Agawam Police Jail Beat-Down Video Released
January 17, 2017 (Fault Lines) – On June 19, 2016, David Desjardins, Jr. was intoxicated at a bar in Agawam, Massachusetts, to the point that the bartender refused to serve. As is normal in these types of cases, Desjardins was offended by this, and the police ended up being called. Desjardins wasn’t happy about that either, and expressed his feelings by resisting arrest and generally fighting with the police officers who showed up to arrest him.
This is all normal and routine; it is what police have been doing for decades. But at the jail, Desjardins got “tuned up” and it was caught on closed circuit surveillance cameras. The chief placed the officers involved on administrative leave, and by October 19, 2016, the three officers were fired for using excessive force.
Of course, the three officers, Sergeant Anthony Grasso, Officer Edward Connor, and Officer John Moccio, don’t agree that they should have been fired, and have appealed their termination to the State Civil Service board. There were some good things about this incident. First, the city did not conduct their own investigation, but hired an outside firm to conduct the investigation. Second, the criminal part of the investigation was handled by the Hampden District Attorney’s Office.
Although the officers were fired, the DA declined to prosecute or take criminal action against the former officers. The officers’ attorney, John Connor, has pointed out everything that Desjardins did, from fighting at the bar, to being pepper-sprayed without apparent effect, and so on, until he wound up at the jail. So on January 12, 2017, the DA released the video of the incident. This is where the video comes into play.
At the very start of the video, you see the sergeant talking to Desjardins with his hands. You can tell by his posture and hand movements that he’s telling the drunk how things are going to be, and at about 0:22 in the video, the officers have made the decision to move Desjardins into his cell.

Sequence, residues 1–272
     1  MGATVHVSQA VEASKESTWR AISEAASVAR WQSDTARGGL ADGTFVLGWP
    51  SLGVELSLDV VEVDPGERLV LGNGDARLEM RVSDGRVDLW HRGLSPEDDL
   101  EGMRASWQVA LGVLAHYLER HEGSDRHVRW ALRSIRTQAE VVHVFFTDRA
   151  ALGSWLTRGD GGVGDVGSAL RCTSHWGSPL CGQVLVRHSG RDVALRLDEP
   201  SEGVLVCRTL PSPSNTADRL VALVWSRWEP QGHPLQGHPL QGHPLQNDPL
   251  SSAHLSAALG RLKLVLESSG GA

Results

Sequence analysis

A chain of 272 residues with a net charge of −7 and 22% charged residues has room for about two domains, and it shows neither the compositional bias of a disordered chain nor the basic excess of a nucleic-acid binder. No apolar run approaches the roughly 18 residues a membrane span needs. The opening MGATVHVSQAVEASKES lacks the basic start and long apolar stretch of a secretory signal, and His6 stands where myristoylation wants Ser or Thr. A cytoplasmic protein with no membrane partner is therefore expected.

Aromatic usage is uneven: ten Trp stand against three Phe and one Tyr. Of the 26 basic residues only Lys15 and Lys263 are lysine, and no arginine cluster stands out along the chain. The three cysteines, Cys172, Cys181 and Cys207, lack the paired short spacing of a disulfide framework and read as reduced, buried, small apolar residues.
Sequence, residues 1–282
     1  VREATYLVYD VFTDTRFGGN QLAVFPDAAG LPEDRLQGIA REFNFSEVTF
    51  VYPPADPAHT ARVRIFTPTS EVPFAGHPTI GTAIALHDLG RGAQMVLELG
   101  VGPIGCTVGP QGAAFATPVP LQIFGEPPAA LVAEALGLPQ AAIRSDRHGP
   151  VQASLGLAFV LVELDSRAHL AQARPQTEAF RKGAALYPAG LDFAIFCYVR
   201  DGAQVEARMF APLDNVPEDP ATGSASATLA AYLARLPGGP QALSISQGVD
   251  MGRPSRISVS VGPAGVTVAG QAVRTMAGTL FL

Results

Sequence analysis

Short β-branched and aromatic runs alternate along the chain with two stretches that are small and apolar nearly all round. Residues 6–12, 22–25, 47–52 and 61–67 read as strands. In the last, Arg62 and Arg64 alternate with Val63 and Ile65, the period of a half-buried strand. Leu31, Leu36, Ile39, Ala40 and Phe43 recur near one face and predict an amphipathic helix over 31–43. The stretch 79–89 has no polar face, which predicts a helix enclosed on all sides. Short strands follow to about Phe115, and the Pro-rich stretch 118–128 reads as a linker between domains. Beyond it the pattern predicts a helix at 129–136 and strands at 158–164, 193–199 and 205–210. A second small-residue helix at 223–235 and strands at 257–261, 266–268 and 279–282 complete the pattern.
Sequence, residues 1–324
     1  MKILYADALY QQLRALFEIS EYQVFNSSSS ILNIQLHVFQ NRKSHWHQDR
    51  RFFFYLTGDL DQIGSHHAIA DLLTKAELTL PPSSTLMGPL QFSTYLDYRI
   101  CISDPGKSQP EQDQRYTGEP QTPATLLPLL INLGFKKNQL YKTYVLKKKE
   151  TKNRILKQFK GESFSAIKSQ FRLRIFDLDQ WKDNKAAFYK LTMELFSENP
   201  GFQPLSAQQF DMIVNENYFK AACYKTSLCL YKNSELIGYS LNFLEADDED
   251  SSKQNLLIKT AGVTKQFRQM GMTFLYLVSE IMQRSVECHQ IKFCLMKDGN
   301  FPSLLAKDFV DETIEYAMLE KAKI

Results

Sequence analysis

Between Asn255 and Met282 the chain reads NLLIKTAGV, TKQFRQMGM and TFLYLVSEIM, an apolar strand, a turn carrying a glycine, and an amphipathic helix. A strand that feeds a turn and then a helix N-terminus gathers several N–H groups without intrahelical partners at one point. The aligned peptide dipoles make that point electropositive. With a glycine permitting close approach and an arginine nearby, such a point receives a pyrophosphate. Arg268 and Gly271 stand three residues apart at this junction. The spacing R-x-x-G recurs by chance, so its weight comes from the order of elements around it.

So far, so good. I’ve seen this scenario play out dozens of times, where you try to talk to a drunk and it is just pointless, so you put him in a cell to sober up. It’s good policing, as practiced by Sheriff Andy Taylor of Mayberry whenever Otis was arrested.
It is when they get Desjardins to the cell that the officers screw up. If you pause the video at 0:30, you’ll see that they have Desjardins in the cell. All they have to do is let go, his forward momentum will carry him further into the cell, and close the door. Done that dozens of times myself.
Instead, a second later the officers have followed him into the cell and let him start to turn around on them. By 0:32 the sergeant has started to apply force to Desjardins right arm, and it appears that Desjardins is starting to defend himself, especially after his head bounces off of the brick wall. At 0:39, Desjardins has the sergeant in a headlock, as noted by the officers’ attorney, but what the attorney doesn’t mention is that Desjardins is on the bottom of three officers. It really looks like Desjardins is just holding on for dear life, not actively assaulting the officers.
Next you’ll see the bald-headed officer striking Desjardins with the baton. Look at how he strikes him, with the handle end of the baton, into the ribs of Desjardins, then later making shin strikes, holding the leg of Desjardins and making further strikes. None of those were legitimate striking areas or techniques. Hell, in that enclosed area with that number of officers, I wouldn’t have even deployed my baton, were I able to do so (at our jail, batons were locked up with our pistol before we entered the jail). Of course, shoving Desjardins back onto the bed and wall at 1:39 was pretty much uncalled-for too.
After that is pretty much just a beatdown of Desjardins.
I understand why the officers’ attorney is making the comments he is, if I were in his position I would be making the same or very similar statements. But I also understand why the chief fired the officers, and why the DA declined to prosecute. It’s very simple, really.
The chief, like I did, viewed the officers’ conduct as unnecessary and excessive. There’s no place for that in police work, and the officers should have been fired. The DA looked at it and did not see anything that was so violent that it shocked the conscience, and knew he would have problems obtaining a conviction. Despite what attorney Connor said, that is not an exoneration of the officers, nor is it a statement that the officers did nothing wrong.
Now we just have to wait and see what the results are from the Civil Service hearing. I think that they should stay fired. Of course, the guys at PoliceOne.com disagree with me, but what’s new about that?
 No relation to Officer Edward Connor.